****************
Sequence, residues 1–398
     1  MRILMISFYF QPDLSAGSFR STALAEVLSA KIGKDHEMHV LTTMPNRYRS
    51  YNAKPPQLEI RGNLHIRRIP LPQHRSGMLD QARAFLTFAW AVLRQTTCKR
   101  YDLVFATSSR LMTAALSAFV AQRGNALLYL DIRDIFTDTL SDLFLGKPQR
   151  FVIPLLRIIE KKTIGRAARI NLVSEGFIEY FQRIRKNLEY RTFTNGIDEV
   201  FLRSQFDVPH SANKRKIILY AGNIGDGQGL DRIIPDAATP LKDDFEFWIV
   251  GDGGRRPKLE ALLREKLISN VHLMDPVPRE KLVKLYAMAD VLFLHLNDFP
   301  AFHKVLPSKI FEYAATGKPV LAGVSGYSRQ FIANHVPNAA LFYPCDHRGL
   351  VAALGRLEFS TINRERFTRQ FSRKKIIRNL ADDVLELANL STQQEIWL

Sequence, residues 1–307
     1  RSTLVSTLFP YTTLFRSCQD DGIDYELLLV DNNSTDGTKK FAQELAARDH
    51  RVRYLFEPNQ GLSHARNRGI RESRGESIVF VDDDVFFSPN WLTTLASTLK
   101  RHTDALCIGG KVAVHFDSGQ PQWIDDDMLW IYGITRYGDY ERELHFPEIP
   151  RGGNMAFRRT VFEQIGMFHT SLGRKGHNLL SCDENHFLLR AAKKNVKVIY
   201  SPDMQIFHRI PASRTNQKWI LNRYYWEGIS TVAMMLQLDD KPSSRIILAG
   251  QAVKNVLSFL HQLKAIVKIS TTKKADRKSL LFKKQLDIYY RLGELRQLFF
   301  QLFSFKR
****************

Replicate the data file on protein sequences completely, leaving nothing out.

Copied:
Sequence, residues 1–398
     1  MRILMISFYF QPDLSAGSFR STALAEVLSA KIGKDHEMHV LTTMPNRYRS
    51  YNAKPPQLEI RGNLHIRRIP LPQHRSGMLD QARAFLTFAW AVLRQTTCKR
   101  YDLVFATSSR LMTAALSAFV AQRGNALLYL DIRDIFTDTL SDLFLGKPQR
   151  FVIPLLRIIE KKTIGRAARI NLVSEGFIEY FQRIRKNLEY RTFTNGIDEV
   201  FLRSQFDVPH SANKRKIILY AGNIGDGQGL DRIIPDAATP LKDDFEFWIV
   251  GDGGRRPKLE ALLREKLISN VHLMDPVPRE KLVKLYAMAD VLFLHLNDFP
   301  AFHKVLPSKI FEYAATGKPV LAGVSGYSRQ FIANHVPNAA LFYPCDHRGL
   351  VAALGRLEFS TINRERFTRQ FSRKKIIRNL ADDVLELANL STQQEIWL

Sequence, residues 1–307
     1  RSTLVSTLFP YTTLFRSCQD DGIDYELLLV DNNSTDGTKK FAQELAARDH
    51  RVRYLFEPNQ GLSHARNRGI RESRGESIVF VDDDVFFSPN WLTTLASTLK
   101  RHTDALCIGG KVAVHFDSGQ PQWIDDDMLW IYGITRYGDY ERELHFPEIP
   151  RGGNMAFRRT VFEQIGMFHT SLGRKGHNLL SCDENHFLLR AAKKNVKVIY
   201  SPDMQIFHRI PASRTNQKWI LNRYYWEGIS TVAMMLQLDD KPSSRIILAG
   251  QAVKNVLSFL HQLKAIVKIS TTKKADRKSL LFKKQLDIYY RLGELRQLFF
   301  QLFSFKR